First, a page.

I'm interested in how to run faster, throw further, stay injury free, score runs and take wickets.
Because that's all exercises are; a means to an end.
As a cricketer, the best exercise in the world is useless if it doesn't help you play better cricket.
Nevertheless, one of the most common cricket-fitness questions we get here on PitchVision Academy is "which exercises should I do?"
And here are those exercises. Every cricketer should look to put these movements into a training plan no matter what his or her age or goal. That's why I popped the best variations in there too.
Believe the hype about squats you hear from your strength training obsessed friends.
Squats are the fastest way build strength in the legs and strength means more power with less injuries. They are also a powerful way to improve mobility in the hips.
But squats are misunderstood. Meathead gym rats insist they only count if you have a bar on your back and at least 3 plates on either side. Bad personal trainers, meanwhile, insist anything bigger than a pink dumbbell will blow you up to the size of a house.
The truth is that squat is a powerful and flexible exercise that is adaptable to your needs as a cricketer. It's just a matter of picking the right squatting tool for the job.
- Barbell back squat. Used mainly in the winter to build up strength with low reps.
- Barbell front squat. A more difficult version of the back squat that focuses on core strength. I admit I prefer this version to the back squat even though you can't squat as much weight.
- Goblet squat. An easy way to start squatting. Teaches you the correct technique of "sitting back" and getting your thighs low.
- Bodyweight squat. Best used for conditioning as part of a bodyweight circuit or similar. It can also be put into a warm up.
- Split Squat. A more cricket specific version of the squat as it builds strength on one leg. You can go heavy with a barbell, train the core more with a dumbbell or kettlebell, or just use bodyweight.
- Single Leg Squat. A way to learn body awareness (which prevents injury). To squat this way well you need to be both stable and mobile as you move your body.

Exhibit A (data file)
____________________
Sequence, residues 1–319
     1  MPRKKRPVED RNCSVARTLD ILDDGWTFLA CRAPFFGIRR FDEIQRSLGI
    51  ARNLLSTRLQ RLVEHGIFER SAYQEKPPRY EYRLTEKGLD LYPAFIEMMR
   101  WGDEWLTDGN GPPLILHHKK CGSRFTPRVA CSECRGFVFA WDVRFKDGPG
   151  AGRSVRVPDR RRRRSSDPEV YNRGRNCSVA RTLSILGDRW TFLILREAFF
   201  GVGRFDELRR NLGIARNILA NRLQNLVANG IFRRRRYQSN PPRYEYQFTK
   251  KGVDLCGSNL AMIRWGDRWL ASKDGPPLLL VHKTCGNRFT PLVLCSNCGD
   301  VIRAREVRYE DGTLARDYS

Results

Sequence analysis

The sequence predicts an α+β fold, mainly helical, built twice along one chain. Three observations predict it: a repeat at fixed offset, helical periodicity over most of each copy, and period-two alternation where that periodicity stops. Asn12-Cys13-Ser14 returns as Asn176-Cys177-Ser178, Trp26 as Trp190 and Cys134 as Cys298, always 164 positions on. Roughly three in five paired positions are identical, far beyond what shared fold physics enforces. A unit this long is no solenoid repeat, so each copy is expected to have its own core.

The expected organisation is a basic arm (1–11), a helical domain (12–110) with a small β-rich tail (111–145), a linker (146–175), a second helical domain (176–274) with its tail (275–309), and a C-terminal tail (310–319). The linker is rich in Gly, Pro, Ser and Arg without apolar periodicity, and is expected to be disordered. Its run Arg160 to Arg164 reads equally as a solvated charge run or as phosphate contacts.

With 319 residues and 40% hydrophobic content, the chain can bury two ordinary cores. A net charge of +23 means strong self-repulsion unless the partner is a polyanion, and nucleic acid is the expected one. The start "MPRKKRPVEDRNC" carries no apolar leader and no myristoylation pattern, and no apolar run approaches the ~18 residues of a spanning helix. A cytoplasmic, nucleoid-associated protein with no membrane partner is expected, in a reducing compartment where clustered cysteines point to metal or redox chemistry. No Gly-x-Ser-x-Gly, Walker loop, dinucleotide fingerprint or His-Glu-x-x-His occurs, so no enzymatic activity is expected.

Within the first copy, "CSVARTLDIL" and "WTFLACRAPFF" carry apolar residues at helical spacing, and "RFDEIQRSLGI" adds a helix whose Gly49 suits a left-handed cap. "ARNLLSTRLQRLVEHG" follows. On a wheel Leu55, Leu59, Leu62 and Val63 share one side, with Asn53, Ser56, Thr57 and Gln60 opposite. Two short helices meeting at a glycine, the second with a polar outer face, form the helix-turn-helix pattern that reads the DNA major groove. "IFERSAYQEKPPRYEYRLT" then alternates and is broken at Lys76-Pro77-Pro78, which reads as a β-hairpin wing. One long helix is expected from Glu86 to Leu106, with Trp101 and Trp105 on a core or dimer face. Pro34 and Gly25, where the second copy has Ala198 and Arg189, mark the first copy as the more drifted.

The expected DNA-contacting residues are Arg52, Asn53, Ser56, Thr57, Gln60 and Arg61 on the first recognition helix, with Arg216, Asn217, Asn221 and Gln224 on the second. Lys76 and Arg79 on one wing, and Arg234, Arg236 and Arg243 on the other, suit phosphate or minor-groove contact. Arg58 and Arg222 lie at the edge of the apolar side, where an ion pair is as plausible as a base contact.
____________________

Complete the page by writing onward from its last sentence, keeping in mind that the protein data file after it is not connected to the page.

And, er, there is not much cricketing reason to squat on a BOSU ball or Swiss ball; unless you are a clown during the week that is.
The deadlift is for the hips what the squat is for the knees; more strength, mobility and stability. It's one of the most natural movements we do: bending down and picking something off the floor. Despite that, it's rarely trained to be strong and efficient.
I think this, again, is due to the bad image of deadlifts. It's not just for bodybuilders and powerlifters bending the bar with huge weights. Heck, even granddads have to bend down to pick stuff up.
- Barbell Deadlift. Hard to learn with proper technique but when mastered can strengthen the muscles in your lower back, bum and hamstrings.
- Trap Bar Deadlift. Less popular but slightly better version of the barbell deadlift. It's better because it's much harder to do with poor technique so there is less injury risk. Go heavy with good form and low reps.
- Stiff Leg Deadlift. A simple way to overload the critical 'hip extension' movement that we see in running, so good for injury prevention. Is better done as a single leg exercise (the movement is closer to running). Can be done with dumbbell, barbell or kettlebell.
It's tough to train the deadlift movement without any equipment at all, but you can train hip extension without deadlifting. If you have no access to equipment try the cook hip lift.
The single leg, straight leg deadlift done without weight can also be used as a way to groove the movement if you throw it into a warm up or light session.
In part two we look at the upper body movements that are best for cricket. Click here to get the free newsletter and not miss it.